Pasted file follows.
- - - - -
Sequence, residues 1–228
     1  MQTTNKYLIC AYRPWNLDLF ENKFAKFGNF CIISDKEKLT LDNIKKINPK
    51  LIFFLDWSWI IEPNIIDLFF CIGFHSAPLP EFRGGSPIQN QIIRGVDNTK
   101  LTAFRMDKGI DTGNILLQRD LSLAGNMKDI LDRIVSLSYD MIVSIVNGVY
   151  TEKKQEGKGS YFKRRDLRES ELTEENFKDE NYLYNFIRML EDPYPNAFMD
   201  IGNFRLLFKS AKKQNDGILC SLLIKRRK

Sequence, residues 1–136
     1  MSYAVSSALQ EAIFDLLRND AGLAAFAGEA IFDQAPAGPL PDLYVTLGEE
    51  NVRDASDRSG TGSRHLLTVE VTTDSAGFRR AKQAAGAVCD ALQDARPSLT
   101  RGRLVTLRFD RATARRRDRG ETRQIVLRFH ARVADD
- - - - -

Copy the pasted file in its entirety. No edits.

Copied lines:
Sequence, residues 1–228
     1  MQTTNKYLIC AYRPWNLDLF ENKFAKFGNF CIISDKEKLT LDNIKKINPK
    51  LIFFLDWSWI IEPNIIDLFF CIGFHSAPLP EFRGGSPIQN QIIRGVDNTK
   101  LTAFRMDKGI DTGNILLQRD LSLAGNMKDI LDRIVSLSYD MIVSIVNGVY
   151  TEKKQEGKGS YFKRRDLRES ELTEENFKDE NYLYNFIRML EDPYPNAFMD
   201  IGNFRLLFKS AKKQNDGILC SLLIKRRK

Sequence, residues 1–136
     1  MSYAVSSALQ EAIFDLLRND AGLAAFAGEA IFDQAPAGPL PDLYVTLGEE
    51  NVRDASDRSG TGSRHLLTVE VTTDSAGFRR AKQAAGAVCD ALQDARPSLT
   101  RGRLVTLRFD RATARRRDRG ETRQIVLRFH ARVADD